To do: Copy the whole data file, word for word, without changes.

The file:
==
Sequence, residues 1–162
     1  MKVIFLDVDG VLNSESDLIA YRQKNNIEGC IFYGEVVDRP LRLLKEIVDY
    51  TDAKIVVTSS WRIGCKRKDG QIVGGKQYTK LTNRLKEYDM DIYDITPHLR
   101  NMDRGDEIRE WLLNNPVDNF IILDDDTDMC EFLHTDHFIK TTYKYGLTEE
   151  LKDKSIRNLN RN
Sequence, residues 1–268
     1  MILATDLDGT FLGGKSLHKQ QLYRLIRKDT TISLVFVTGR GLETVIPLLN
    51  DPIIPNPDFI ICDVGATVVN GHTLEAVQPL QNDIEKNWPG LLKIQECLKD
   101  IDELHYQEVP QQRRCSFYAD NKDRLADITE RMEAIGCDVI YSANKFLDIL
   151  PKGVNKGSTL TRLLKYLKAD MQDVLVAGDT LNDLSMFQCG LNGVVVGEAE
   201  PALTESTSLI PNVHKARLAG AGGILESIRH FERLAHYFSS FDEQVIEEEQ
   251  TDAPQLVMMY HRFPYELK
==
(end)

Sequence, residues 1–162
     1  MKVIFLDVDG VLNSESDLIA YRQKNNIEGC IFYGEVVDRP LRLLKEIVDY
    51  TDAKIVVTSS WRIGCKRKDG QIVGGKQYTK LTNRLKEYDM DIYDITPHLR
   101  NMDRGDEIRE WLLNNPVDNF IILDDDTDMC EFLHTDHFIK TTYKYGLTEE
   151  LKDKSIRNLN RN
Sequence, residues 1–268
     1  MILATDLDGT FLGGKSLHKQ QLYRLIRKDT TISLVFVTGR GLETVIPLLN
    51  DPIIPNPDFI ICDVGATVVN GHTLEAVQPL QNDIEKNWPG LLKIQECLKD
   101  IDELHYQEVP QQRRCSFYAD NKDRLADITE RMEAIGCDVI YSANKFLDIL
   151  PKGVNKGSTL TRLLKYLKAD MQDVLVAGDT LNDLSMFQCG LNGVVVGEAE
   201  PALTESTSLI PNVHKARLAG AGGILESIRH FERLAHYFSS FDEQVIEEEQ
   251  TDAPQLVMMY HRFPYELK